I have been reading all of the bit posts because anytime I ever had a bit isssue I called up my step mom (the most horse smart person ever) and said I have this and this problem and she said I'l mail you what will fix it. She isn't a part of my life anymore so I don't have a go to bit helper anymore. So..... I have curiosity questions about what theses bits do (or are supposed to do) and if people like them and what muturity level the bits should be used for (young horse, working horse, old horse...ect)
I now this is a full cheek snaffle and I read its supposed to help turning?
And....I know this is an eggbutt snaffle but I have no idea about what it does
The difference between eggbutt and D-ring?
And what is the deal with the shank bits that have akwardly curved shanks?
Here is a lot of information regarding the different types of snaffle bits. I am linking this thread because I am not terribly experienced with the different snaffle types, I have always just used a loose ring. Bit Information (Snaffle and English-Type Bits)
As for the shanked bits, many of them that look so awkward really aren't. Lots of the curvyness of the shanks is mostly for decoration and doesn't actually affect how the bit itself works. Basically, the straighter the shanks are, the harsher the bit is. The more swept back (angled) the shanks are, that makes the bit milder.
I am not terribly familiar with the proper use of a gag bit as I have never used one, but I can tell you that no bit will fix a problem unless it's pain related. Only more training will correct a behavioral problem that the horse is having with the bit.
This is my favorite bit. I transition all my horses up to this bit after they graduate from the regular snaffle. It is a nice mild curb bit with enough of a port to provide tongue relief without interfering with the horse's palate (unless the palate is very low). The shanks are nice and short with a good angle and they swivel, which allows for more mobility and feel both in your hands and the horse's mouth.
I want to say just one thing. From my experience until you try number of bits you won't know what horse will like. And they are as different as people in their tastes. I know some people say D-ring and eggbutt are about the same. I tried both and while my qh likes eggbutt (which does have much more smooth and pleasant IMO touch where it connects to the center piece), she was unhappy about D-ring (and absolutely hated loose rings). I never tried full cheek, but you are right - that helps for turning AND won't let the bit to run through the horse's mouth (it can happen with the eggbutt for example).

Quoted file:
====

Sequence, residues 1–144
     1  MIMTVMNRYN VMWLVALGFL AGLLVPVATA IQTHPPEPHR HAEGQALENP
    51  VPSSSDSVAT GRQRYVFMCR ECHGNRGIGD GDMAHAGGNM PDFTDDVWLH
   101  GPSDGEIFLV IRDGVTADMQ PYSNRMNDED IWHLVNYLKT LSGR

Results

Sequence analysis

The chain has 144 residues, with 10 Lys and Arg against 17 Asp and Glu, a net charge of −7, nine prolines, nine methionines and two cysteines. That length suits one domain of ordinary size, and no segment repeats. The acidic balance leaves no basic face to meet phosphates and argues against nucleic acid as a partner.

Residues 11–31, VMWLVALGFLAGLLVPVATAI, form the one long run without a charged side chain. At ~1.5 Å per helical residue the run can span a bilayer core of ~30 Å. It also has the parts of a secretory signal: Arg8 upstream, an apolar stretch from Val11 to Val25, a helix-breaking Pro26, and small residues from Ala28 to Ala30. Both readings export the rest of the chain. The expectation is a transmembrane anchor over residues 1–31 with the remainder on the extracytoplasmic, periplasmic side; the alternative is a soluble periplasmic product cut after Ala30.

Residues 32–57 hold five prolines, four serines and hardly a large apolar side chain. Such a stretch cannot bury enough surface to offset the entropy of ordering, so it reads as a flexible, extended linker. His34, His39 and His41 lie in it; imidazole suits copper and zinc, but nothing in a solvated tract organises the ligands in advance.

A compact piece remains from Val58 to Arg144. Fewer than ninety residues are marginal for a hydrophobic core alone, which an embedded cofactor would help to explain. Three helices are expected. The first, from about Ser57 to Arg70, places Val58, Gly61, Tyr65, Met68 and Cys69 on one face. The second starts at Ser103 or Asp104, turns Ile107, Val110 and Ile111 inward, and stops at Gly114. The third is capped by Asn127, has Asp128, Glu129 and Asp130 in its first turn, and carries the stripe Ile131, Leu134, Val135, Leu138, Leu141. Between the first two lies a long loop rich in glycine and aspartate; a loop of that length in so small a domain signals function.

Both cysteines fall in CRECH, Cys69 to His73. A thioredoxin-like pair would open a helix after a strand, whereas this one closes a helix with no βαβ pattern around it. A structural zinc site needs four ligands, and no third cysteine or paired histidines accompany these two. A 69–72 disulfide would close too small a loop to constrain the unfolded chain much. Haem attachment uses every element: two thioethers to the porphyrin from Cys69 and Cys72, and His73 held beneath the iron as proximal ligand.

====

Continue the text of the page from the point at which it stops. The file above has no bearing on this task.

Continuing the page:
Full-cheek was my bit-of-choice for a long time. It was mild, the bars prevented the cheek-pieces from going in the horse's mouth, and almost every horse I used it on responded well to it. Lately, however, I've been using a French link and it's wonderful! It gives more of a "full-mouth" feel, as opposed to the nutcracker effect the single-jointed snaffles have. And I actually had the same experience with D-rings and eggbutts that KV had.
As for the curvy (or swept back) shanked bits, I am not sure, but I think the straight shank causes a more direct and abrupt action, and the curves throw in a delayed response (from pull to mouth). The leverage of a shanked bit can also be multiplied by the length of the shanks. Hope that made sense... it did in my head... haha. Hope you find what you need!
Oh and here are photos of my beloved French link. The first is an Eggbutt cheekpiece, the second is a loose ring cheekpiece.
They also have full-cheek french links. I'd love to get my hands on one of these! :]
Good im glad to hear this, Yes you made sence lol.
I just bought a french link full cheek snaffle so im hoping it will work better on my colt. I have a kimberwick on him now and I don't like the way he acts with it. I think it may hurt the roof of his mouth. He is mustang. He is a smaller horse, like 14 h maybe...but he has a pretty big head.